When you’re first diagnosed with a chronic illness, especially one you’ve never heard of, you put your faith in your Doctor(s). That isn’t necessarily a bad thing; however, having all the knowledge you can about how that diagnose was reached is also very important.
When I was diagnosed
I had zero idea what Crohn’s was when I was diagnosed and my main focus was how do we treat this and how do I live with this, not how did you come to this conclusion.
I was diagnosed during a hospital stay. I had an ultrasound and a CT scan and based on what they saw I was told I had Crohn’s disease. I was put on a course of IV steroids (Prednisone) plus oral Prednisone after I was released. It did the trick, but every time I got off the steroids I ended up right back where I started. A colonoscopy was booked to see what was going on, and a visual confirmation of active Crohn’s was determined, so back on the dreaded Pred,’ I went.
This course of treatment went on for months, and if you’ve been on the Devil’s tic tacs (a common nickname among the IBD community for Prednisone), you can appreciate how much fun that was . not. In all fairness to my Family Doctor, I was in a small community, on the waitlist for an appointment with a GI in the closest city, and my Doctor did the best he could with his limited knowledge about treating an IBD.
Finally, a Specialist!
My husband’s job relocated us to a major city center, where I was able to see a GI quite quickly. Before she started treating me, she wanted to be 100% sure Crohn’s was what I had. A colonoscopy and a pill came later, her conclusion was the same as the original diagnoses. I’d be lying if I said I wasn’t slightly disappointed. I had hoped that she would tell me the Family Doctor just didn’t know enough about IBD’s and made a horrible mistake. I made my peace with it and started on a course of medications to treat Crohn’s Disease.
As we all know treating an IBD is tricky, medications that work for one don’t always work for others. Two years of medications trial and error nothing was making me feel better, in fact, I was feeling worse. I was told the only option I had left was a biologic. I had been quite resistant to go on a biologic because in my mind weekly injections meant I was really sick, taking pills I could still be in denial that it really wasn’t that serious. I weighed out this option for quite a few months, never coming to a decision before we ended up moving to another state.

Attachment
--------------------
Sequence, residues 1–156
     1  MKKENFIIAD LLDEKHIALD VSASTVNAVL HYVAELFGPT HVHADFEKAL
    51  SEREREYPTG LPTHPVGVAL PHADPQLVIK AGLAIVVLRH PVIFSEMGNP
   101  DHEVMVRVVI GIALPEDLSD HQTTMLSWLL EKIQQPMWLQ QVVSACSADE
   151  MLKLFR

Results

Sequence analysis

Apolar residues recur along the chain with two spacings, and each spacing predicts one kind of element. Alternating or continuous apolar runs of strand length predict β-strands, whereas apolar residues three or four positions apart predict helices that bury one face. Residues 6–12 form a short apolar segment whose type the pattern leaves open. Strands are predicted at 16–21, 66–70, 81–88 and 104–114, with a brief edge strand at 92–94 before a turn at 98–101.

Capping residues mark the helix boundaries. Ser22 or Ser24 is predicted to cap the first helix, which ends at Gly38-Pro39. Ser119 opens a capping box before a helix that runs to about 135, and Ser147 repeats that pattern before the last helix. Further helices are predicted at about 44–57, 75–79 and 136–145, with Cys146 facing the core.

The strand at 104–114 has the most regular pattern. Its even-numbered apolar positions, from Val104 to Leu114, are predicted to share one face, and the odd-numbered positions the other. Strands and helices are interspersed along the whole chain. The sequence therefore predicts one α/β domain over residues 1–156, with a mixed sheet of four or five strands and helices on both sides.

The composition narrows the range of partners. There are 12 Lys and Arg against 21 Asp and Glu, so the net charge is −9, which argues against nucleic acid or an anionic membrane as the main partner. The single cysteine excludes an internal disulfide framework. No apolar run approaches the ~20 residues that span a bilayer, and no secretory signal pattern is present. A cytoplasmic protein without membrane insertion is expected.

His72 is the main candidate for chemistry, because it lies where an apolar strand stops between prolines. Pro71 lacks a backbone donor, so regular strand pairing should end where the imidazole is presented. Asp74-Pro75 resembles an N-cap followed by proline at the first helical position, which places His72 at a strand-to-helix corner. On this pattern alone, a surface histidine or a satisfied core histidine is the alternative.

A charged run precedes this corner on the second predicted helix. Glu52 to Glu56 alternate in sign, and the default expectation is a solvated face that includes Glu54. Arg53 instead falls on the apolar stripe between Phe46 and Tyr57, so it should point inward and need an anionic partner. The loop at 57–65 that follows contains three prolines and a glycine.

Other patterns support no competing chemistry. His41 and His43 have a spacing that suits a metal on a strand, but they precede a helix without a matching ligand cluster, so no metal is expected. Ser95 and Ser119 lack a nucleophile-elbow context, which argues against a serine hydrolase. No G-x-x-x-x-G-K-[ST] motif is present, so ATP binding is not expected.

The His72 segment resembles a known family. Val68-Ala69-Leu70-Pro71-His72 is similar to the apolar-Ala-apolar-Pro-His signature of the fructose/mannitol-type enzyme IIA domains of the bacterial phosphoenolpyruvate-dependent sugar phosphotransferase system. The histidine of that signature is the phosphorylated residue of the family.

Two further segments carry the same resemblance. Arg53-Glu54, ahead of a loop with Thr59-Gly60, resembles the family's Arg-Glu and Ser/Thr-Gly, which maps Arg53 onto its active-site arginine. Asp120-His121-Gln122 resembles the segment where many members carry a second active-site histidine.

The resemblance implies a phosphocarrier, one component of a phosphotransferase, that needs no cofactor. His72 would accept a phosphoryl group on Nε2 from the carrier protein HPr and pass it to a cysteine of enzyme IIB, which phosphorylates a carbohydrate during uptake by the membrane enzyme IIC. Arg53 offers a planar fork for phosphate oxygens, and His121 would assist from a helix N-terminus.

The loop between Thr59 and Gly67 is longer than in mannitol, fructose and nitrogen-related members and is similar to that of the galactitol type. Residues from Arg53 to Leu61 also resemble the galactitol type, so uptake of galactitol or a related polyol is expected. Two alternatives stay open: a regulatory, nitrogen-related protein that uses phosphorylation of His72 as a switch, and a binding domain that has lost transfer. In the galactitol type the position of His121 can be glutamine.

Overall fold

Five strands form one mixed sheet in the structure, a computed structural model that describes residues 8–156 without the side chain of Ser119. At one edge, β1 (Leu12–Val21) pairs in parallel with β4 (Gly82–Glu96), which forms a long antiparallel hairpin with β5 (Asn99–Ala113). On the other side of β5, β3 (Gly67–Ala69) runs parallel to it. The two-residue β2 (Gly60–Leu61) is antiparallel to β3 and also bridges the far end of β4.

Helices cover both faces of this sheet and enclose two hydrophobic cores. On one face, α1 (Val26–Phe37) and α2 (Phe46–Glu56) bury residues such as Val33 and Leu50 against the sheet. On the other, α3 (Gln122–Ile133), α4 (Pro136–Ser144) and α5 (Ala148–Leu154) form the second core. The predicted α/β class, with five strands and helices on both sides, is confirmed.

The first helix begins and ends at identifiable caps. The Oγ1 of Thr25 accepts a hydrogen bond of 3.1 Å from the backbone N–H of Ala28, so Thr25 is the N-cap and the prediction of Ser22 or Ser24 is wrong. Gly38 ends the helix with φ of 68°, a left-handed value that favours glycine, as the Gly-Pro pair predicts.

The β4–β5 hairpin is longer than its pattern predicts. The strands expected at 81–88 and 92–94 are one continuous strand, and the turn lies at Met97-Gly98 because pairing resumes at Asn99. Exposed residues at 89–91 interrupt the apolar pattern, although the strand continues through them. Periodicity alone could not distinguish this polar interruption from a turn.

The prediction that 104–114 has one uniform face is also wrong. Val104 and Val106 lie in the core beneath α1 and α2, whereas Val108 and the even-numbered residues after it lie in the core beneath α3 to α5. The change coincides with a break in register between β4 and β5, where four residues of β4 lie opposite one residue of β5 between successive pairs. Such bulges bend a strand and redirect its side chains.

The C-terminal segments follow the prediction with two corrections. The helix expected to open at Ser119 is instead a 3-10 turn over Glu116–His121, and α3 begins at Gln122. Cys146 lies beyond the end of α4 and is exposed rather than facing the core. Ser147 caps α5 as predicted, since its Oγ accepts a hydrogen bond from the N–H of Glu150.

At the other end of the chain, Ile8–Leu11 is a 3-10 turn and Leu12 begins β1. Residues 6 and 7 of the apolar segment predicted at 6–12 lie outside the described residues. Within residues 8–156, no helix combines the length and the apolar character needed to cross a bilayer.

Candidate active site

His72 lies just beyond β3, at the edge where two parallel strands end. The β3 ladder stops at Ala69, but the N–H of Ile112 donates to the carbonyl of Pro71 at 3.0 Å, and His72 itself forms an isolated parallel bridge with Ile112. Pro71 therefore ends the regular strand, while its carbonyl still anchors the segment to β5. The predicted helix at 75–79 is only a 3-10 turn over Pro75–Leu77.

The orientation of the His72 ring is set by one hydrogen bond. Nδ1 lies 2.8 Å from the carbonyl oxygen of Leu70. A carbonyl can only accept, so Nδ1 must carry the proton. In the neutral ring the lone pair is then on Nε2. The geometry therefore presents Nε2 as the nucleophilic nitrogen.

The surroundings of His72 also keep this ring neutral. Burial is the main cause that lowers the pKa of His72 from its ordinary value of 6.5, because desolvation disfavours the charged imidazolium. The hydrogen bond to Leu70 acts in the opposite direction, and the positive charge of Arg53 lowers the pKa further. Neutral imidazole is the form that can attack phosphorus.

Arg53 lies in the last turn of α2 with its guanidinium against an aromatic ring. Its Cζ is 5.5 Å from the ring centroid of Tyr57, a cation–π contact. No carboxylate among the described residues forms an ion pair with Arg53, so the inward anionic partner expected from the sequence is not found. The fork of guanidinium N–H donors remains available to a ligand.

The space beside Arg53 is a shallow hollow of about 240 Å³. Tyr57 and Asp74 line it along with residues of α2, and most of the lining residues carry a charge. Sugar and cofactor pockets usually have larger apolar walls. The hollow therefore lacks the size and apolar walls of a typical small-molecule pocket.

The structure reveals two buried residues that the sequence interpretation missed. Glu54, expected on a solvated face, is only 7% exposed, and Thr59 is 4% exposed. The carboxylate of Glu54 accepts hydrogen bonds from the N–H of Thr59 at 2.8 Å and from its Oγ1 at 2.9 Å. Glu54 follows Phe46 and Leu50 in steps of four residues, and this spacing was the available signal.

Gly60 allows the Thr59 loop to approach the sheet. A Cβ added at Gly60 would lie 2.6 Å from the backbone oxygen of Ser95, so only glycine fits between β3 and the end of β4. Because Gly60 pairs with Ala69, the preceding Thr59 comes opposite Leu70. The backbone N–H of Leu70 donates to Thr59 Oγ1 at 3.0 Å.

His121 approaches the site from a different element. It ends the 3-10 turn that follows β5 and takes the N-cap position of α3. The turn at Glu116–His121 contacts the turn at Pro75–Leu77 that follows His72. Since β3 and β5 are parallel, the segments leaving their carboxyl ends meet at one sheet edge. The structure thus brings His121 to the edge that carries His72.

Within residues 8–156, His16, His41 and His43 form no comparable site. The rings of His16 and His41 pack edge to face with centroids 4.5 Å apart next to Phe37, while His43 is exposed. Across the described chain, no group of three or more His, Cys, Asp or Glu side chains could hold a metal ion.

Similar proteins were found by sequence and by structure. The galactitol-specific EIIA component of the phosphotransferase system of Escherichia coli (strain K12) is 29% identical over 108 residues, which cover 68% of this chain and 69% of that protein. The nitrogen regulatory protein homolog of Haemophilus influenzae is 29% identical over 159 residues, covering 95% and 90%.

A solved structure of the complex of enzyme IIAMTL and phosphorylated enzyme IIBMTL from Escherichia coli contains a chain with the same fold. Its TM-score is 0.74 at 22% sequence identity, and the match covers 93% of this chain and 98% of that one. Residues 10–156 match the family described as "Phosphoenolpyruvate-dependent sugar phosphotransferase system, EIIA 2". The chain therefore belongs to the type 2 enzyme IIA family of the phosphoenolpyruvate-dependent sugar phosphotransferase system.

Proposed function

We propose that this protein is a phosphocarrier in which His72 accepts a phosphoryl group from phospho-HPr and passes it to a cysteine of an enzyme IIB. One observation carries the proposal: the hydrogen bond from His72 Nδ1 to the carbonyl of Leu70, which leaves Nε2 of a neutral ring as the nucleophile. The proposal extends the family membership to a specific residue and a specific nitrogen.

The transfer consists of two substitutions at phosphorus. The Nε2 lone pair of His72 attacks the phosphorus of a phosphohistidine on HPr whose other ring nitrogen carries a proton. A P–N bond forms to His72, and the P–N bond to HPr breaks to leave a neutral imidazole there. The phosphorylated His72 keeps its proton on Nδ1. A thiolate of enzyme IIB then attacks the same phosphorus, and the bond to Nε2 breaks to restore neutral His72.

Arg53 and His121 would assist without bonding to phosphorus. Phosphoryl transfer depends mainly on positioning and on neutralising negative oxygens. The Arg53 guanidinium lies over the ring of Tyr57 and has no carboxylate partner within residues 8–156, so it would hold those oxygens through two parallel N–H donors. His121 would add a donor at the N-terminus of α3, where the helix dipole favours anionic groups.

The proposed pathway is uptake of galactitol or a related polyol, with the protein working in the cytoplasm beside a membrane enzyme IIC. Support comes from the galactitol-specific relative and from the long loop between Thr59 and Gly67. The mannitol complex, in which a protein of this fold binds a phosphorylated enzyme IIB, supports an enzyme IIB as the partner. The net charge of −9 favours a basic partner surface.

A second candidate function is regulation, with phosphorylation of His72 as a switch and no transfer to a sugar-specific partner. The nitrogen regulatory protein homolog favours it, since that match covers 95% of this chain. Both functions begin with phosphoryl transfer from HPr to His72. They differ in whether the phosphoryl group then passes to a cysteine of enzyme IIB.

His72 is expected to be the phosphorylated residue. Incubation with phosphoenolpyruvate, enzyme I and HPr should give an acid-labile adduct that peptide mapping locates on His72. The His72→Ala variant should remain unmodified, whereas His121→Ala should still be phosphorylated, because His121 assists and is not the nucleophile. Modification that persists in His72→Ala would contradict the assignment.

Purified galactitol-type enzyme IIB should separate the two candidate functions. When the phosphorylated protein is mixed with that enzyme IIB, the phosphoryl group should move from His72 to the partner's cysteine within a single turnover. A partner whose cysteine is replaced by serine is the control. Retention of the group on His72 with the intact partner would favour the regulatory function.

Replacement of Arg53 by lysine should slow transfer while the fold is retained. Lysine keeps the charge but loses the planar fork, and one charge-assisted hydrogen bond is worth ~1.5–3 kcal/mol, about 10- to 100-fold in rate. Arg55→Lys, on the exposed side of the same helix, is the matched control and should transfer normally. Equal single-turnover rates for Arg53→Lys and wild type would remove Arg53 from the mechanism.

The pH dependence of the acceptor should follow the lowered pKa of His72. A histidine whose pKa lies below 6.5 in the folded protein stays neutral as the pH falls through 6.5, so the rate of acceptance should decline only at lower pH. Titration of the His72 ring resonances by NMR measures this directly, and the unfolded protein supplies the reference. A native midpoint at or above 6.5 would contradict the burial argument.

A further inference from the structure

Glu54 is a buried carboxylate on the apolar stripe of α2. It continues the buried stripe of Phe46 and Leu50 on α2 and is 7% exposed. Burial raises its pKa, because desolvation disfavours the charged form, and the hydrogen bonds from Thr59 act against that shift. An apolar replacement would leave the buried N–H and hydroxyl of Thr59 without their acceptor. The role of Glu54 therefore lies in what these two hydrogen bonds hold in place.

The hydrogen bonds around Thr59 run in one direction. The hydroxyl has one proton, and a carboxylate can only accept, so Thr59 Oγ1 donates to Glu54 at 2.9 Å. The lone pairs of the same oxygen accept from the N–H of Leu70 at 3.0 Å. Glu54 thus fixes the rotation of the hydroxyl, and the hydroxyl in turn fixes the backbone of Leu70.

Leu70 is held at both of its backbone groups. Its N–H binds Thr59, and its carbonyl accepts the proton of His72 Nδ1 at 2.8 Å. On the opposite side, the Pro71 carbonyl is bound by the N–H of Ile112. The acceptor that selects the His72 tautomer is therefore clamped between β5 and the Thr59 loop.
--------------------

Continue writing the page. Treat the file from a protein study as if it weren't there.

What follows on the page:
Being married to a spouse with a job that moves you, means starting out with a new specialist every few years. This time, boy was I glad I did. Just like my last GI, this Doctor wanted to be 100% sure he was treating me for something I actually had. He took me off all Crohn’s related medications (except one medication which can be used for any IBD) and to my surprise, I actually started feeling better.
Next, he did a blood test called the Prometheus Test – a blood panel which is intended to aid in confirming the diagnosis of an IBD and to help differentiate between Ulcerative Colitis (UC) and Crohn’s disease. Well, wasn’t I shocked when my blood work came back with UC markers. He followed this up with a colonoscopy and took a biopsy, which came back confirming UC.
Know What To Ask For
There is nothing wrong with putting your trust in your health providers, that’s what they are there for. But there is also nothing wrong with educating yourself and knowing what test (or tests) to ask for to confirm your diagnoses. That’s why programs like Pack Health exist – it can be hard, but it’s also so important, to ask the right questions and take action for your health. Getting the proper diagnoses has changed my course of treatment and has changed how I feel. In fact, my most recent biopsy showed inactive UC (fingers crossed it lasts!).
If you haven’t had a Prometheus blood test or a biopsy, I recommend you ask for both. These diseases are complex, yet similar and different at the same time, and visual diagnosis alone may not always be enough.